- Neil White
A nine-iron clip arrowed into the green on the second hole and, as my partner lined up a birdie putt, I mused on why it was rated as the sixth hardest on Lindrick's stroke index.
He nudged the ball and was only slightly off target but it ran and ran and ran. The next putt was too firm back up the hill, the third slid millimetres past and the fourth missed too.
The former Ryder Cup course had shown why we needed to be on our mettle.
Lindrick is not overly long and can be conquered - as some of the better scorers in its autumn open 4BBB proved - but we were unable to unlock the mysteries of its greens' pace or subtle changes of directions.
Nevertheless, this is a memorable track with every hole providing a very different challenge.
I am a fan of the quirky so a favourite was the much-heralded par-5 4th with a blind shot down a bank to a relatively small putting surface.
It is followed by the 5th, which has such a steep opening that there is a high mirror on the tee to see if the group in front are out of range. I have never seen the like before.
Fortunately, our driving was in good order because there is many a carry over gorse, often revealing holes which are surrounded by bunkers.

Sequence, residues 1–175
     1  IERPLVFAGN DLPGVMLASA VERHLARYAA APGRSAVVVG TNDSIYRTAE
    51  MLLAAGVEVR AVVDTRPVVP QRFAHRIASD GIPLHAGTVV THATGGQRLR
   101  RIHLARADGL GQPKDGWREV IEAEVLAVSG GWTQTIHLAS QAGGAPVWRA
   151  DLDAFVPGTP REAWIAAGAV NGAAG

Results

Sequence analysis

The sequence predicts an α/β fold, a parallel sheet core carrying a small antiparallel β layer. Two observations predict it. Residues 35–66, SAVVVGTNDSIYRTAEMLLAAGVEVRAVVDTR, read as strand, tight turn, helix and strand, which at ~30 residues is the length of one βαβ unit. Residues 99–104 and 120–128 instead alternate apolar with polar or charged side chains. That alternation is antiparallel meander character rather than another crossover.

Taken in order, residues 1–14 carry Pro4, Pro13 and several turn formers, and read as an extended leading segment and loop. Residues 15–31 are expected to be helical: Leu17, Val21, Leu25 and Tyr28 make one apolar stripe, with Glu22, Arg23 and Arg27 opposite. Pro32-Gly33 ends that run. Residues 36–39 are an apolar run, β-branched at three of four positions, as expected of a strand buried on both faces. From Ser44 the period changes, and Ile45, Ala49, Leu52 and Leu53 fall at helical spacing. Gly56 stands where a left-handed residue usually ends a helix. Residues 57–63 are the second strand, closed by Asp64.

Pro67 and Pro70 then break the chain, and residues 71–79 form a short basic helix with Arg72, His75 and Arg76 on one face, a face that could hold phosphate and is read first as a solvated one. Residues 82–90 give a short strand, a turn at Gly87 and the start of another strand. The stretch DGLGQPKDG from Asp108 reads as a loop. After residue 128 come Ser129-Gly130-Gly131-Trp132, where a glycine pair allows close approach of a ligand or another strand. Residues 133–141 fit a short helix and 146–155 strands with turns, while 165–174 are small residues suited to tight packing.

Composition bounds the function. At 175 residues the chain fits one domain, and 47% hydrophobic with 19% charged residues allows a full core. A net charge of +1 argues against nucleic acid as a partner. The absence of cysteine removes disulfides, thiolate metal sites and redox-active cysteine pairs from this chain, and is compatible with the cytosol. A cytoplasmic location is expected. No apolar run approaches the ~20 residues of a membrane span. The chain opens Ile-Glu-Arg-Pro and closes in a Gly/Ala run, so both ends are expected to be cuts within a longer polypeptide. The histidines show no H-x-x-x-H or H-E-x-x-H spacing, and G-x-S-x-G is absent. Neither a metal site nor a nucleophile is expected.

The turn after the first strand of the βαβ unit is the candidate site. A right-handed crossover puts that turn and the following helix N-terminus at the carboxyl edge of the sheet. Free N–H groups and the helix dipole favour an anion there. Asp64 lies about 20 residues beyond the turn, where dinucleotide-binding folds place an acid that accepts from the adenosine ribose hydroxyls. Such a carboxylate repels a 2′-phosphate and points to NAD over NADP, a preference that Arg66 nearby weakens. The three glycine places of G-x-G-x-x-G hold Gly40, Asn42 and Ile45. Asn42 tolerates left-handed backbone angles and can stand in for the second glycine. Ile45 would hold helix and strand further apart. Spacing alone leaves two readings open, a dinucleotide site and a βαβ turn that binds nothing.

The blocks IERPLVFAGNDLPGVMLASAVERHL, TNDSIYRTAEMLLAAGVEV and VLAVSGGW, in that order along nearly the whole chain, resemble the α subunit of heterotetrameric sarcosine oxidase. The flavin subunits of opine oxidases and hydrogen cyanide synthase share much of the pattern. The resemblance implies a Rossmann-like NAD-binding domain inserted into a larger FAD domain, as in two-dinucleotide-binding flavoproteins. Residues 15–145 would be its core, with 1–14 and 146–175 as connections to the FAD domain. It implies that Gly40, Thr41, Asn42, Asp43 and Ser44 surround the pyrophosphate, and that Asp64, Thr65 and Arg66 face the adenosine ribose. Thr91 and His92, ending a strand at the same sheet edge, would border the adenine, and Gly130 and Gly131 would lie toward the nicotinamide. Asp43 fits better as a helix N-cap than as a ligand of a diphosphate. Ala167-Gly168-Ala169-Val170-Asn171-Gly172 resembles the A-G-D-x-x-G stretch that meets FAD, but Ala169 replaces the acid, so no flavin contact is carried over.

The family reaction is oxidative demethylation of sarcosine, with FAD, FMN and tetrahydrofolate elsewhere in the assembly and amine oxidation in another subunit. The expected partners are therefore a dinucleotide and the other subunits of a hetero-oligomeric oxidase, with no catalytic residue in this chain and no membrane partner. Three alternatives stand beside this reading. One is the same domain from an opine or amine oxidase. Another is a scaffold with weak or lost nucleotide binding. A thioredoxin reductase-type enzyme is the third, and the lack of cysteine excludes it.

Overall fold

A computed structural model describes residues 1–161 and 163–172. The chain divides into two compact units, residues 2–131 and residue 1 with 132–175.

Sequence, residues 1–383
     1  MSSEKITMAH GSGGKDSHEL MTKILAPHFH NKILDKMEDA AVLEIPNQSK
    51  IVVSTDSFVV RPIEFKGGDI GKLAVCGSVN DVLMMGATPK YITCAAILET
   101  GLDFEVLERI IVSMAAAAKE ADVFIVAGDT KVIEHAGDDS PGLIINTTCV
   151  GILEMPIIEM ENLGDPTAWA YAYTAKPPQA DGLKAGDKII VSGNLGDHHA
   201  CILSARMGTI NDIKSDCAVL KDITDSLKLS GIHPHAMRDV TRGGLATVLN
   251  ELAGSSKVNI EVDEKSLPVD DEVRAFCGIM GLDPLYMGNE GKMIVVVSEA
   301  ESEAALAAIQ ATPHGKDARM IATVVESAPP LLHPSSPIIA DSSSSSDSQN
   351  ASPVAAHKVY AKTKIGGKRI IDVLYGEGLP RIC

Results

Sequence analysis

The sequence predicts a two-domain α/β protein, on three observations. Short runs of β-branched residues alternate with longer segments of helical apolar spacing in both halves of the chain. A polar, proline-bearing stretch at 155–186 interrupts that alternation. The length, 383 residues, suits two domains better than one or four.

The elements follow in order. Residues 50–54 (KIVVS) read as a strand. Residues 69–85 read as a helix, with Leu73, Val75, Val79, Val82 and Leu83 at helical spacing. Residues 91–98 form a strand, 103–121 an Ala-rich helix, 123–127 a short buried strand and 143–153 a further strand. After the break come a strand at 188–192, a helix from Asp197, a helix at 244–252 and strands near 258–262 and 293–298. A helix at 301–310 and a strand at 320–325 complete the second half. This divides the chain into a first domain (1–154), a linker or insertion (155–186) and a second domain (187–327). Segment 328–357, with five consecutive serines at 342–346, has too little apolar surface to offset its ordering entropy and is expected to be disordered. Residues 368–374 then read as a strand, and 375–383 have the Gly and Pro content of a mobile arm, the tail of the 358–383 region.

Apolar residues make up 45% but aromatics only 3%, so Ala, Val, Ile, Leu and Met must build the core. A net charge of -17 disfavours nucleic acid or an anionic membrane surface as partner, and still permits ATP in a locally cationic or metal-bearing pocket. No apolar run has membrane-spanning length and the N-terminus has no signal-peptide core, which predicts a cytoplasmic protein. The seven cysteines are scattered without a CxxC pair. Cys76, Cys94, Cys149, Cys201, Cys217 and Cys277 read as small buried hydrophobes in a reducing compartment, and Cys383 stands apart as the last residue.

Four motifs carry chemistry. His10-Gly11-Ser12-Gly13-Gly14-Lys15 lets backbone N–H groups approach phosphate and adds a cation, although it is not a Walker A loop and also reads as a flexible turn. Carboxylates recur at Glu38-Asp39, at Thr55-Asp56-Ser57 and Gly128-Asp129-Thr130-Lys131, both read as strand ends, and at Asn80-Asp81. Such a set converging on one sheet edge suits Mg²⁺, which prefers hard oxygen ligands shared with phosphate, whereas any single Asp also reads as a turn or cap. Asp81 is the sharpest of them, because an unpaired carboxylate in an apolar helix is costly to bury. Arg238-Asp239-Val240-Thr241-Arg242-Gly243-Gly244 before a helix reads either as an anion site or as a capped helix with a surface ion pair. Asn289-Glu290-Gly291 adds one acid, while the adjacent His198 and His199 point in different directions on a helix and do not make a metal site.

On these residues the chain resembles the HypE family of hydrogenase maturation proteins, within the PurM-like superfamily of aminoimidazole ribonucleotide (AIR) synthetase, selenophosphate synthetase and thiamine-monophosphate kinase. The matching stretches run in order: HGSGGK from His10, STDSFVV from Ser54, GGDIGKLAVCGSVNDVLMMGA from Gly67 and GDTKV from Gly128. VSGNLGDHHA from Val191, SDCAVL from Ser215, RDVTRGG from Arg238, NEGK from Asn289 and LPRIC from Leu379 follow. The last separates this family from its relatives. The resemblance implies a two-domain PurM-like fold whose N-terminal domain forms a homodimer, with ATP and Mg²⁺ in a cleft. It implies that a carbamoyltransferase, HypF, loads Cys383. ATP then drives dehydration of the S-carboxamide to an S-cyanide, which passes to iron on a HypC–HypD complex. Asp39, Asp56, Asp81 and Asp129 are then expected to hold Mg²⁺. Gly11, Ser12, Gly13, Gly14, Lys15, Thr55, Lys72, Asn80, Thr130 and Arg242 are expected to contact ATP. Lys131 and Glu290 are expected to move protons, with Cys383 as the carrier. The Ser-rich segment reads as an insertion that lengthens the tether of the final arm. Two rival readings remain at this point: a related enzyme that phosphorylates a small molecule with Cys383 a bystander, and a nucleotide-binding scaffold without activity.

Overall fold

The only hole without sand is the picturesque 12th but don't be fooled, it is easy to make a mess of (as I proved) with a dramatic dog-leg to the left down into a green whose entrance is reminiscent of links.
Indeed, there a few holes which reminded me of seaside golf - none more so than the 15th with humps in front of the green and a wall directly behind.
The 17th is another beauty, protected by more sand traps and the 18th is an ultra-testing par 3 which has caused debate by featuring in a best 500 holes in the world list and Peter Aliss's top 18.
I didn't think it stood out only because so many holes are memorable at Lindrick.
Then there is a clubhouse which oozes history of the famous 1957 Ryder Cup win and the club's current stars - Lee Westwood and Danny Willett.
Everything about our competition at Lindrick was a cut above, from the Open-style dressing of the 1st and 18th tees to the scoreboard which gave us a fleeting feeling of importance.
These touches added even more sparkle to a visit which demanded a return - when at least we will know what is coming on the devilish second green.